Gillie Bolton has devoted the past three decades to the research, learning and practice of creative writing as a therapeutic tool, with her Reflective Practice: Writing and Professional Development now in its third edition. She’s joined forces again with Jeannie Wright, an academic and practising therapist to offer a lively and comprehensive companion to anyone engaged in reflective writing in counselling and therapy – although I think it could apply to anyone interested in the pursuit, regardless of profession.

Reflective Writing digs deep into the exploration of what reflective writing is (while reflexive writing is described as a focus inward rather than outward). The authors make a compelling case for why it is a potentially enriching and professional responsible endeavour. Like therapy, or any other pursuit to develop personally, writing in this way may reveal unknowns and half understood knowns to ourselves that could deepen our understanding of our relational work. It may also serve as a confidential release. However, unlike therapy, it’s only you at the helm to decide where, when and how to proceed. It’s free too.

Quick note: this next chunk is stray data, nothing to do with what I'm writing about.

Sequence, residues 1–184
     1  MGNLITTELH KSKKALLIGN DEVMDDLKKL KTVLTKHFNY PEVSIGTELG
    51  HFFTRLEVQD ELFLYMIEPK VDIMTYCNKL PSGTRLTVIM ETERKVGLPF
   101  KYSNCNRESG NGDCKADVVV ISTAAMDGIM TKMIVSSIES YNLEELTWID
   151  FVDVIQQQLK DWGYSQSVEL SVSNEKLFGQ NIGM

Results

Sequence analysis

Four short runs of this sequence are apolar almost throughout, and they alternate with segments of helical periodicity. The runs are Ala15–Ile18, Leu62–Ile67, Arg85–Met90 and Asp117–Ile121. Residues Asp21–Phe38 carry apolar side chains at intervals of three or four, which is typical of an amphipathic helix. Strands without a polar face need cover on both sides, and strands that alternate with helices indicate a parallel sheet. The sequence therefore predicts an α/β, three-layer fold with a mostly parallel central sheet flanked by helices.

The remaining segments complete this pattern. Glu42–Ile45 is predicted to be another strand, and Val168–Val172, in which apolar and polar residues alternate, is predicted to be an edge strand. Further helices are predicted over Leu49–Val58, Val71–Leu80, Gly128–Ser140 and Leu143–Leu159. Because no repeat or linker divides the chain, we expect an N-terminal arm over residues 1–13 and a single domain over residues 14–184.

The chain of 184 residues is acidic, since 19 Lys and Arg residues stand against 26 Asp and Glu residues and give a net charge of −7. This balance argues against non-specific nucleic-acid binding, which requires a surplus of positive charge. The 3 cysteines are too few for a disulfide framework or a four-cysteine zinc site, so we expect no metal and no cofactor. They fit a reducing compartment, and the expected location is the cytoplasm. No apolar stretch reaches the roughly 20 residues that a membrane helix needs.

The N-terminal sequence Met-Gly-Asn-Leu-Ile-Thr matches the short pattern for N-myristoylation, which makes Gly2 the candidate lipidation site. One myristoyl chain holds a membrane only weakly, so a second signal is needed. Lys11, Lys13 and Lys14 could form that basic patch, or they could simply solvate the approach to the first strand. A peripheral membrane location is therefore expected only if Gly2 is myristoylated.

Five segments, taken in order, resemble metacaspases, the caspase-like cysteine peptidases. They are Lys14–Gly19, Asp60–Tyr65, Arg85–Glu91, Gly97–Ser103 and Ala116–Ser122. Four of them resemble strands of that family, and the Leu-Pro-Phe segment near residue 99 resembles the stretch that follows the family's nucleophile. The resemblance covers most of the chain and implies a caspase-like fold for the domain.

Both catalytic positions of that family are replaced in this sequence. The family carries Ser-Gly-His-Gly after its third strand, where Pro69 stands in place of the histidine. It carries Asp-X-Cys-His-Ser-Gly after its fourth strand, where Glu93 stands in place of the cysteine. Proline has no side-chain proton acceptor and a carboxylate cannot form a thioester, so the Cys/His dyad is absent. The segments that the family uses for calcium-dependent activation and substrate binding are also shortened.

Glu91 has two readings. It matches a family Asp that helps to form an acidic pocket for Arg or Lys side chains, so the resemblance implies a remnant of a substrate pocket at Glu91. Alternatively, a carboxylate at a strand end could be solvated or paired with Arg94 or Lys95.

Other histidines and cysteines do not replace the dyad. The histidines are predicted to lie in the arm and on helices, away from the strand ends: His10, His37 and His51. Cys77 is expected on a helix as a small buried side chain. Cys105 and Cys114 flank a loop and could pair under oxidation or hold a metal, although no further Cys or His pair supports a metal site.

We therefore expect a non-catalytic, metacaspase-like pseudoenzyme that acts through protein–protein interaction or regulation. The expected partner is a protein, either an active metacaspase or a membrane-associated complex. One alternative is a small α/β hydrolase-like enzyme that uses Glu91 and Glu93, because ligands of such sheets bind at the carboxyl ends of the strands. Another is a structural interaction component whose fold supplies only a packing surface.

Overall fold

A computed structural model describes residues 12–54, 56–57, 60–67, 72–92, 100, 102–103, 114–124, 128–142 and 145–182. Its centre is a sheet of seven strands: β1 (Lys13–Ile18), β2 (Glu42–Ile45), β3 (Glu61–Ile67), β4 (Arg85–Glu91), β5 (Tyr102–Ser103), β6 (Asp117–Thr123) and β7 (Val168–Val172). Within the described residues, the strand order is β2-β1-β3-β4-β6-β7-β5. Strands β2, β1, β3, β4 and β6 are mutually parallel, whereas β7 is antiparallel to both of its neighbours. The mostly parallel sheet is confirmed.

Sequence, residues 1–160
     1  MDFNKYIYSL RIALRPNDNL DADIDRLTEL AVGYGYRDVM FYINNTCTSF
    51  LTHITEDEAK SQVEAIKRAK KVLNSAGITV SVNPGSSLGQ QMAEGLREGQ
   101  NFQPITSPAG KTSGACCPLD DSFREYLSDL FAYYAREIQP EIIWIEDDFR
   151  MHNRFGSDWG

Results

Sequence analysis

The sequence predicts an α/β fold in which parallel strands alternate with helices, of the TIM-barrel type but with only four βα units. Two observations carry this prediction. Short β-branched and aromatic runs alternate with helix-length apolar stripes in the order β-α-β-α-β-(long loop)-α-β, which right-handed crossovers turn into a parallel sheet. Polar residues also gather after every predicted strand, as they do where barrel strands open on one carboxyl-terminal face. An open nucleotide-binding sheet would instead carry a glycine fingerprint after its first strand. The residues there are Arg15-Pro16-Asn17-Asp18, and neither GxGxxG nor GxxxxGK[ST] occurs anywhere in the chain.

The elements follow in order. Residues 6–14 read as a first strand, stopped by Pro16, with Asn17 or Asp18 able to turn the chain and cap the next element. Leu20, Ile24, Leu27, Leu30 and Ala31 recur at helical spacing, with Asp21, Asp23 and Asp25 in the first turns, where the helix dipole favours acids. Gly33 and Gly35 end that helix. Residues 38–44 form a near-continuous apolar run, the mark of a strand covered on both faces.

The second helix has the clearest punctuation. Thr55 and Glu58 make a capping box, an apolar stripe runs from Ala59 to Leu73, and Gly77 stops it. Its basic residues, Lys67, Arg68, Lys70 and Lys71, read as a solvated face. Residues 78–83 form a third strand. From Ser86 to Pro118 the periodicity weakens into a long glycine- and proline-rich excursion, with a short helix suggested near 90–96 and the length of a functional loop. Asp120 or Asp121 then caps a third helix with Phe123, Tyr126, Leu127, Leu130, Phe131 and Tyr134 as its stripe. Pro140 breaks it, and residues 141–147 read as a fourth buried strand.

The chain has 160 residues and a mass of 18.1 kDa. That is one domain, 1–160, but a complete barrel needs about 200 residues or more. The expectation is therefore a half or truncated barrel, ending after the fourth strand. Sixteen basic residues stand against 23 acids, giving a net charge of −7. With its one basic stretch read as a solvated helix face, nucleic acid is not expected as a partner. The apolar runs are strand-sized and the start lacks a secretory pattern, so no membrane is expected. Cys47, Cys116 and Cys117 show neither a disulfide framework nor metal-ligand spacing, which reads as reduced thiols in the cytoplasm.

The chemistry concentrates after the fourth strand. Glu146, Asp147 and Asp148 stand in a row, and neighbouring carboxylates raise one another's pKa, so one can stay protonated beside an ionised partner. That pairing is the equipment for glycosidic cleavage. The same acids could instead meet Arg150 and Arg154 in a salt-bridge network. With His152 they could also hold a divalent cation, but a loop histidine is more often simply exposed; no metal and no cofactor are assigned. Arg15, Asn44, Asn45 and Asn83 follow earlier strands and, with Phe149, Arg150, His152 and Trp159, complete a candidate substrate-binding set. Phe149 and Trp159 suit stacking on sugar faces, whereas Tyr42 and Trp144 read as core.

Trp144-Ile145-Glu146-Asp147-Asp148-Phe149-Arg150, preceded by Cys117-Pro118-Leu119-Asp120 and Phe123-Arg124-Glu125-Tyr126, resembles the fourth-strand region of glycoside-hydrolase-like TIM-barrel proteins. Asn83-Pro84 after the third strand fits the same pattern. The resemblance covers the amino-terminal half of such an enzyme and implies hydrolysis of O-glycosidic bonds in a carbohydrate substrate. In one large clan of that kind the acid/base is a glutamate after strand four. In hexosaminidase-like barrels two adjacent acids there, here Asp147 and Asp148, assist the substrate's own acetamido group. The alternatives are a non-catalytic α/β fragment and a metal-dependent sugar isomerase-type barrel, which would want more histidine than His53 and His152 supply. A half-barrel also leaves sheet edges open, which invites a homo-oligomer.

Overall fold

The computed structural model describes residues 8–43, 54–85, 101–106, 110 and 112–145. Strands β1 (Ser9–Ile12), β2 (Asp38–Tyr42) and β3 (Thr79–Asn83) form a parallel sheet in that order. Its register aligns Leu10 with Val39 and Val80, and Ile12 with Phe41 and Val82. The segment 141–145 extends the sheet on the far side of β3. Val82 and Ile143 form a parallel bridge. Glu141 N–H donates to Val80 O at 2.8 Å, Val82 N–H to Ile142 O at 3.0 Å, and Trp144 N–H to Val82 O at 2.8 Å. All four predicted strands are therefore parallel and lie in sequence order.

While dealing with the practicalities (when and how to start, and basic principles), discrete chapters deal with writing in groups, writing about the past, exploring the present and the use of imagination to write about the future. Case studies and vignettes bring advice and guidance to light, and there are plentiful self-directed exercises. Dealing with blocks are explored (I loved the idea of writing a quest story about searching for facility in writing), and a relevant practical discussion of e-therapy, on-line counselling and the use of email and Skype will grab growing numbers of us. Writing in and for supervision has its own chapter, as does thinking about tools to assess your process. Theory is integrated throughout with a light touch – psychodynamic, person-centred and CBT ideas alongside mindfulness practice too. Narrative therapy obviously features most.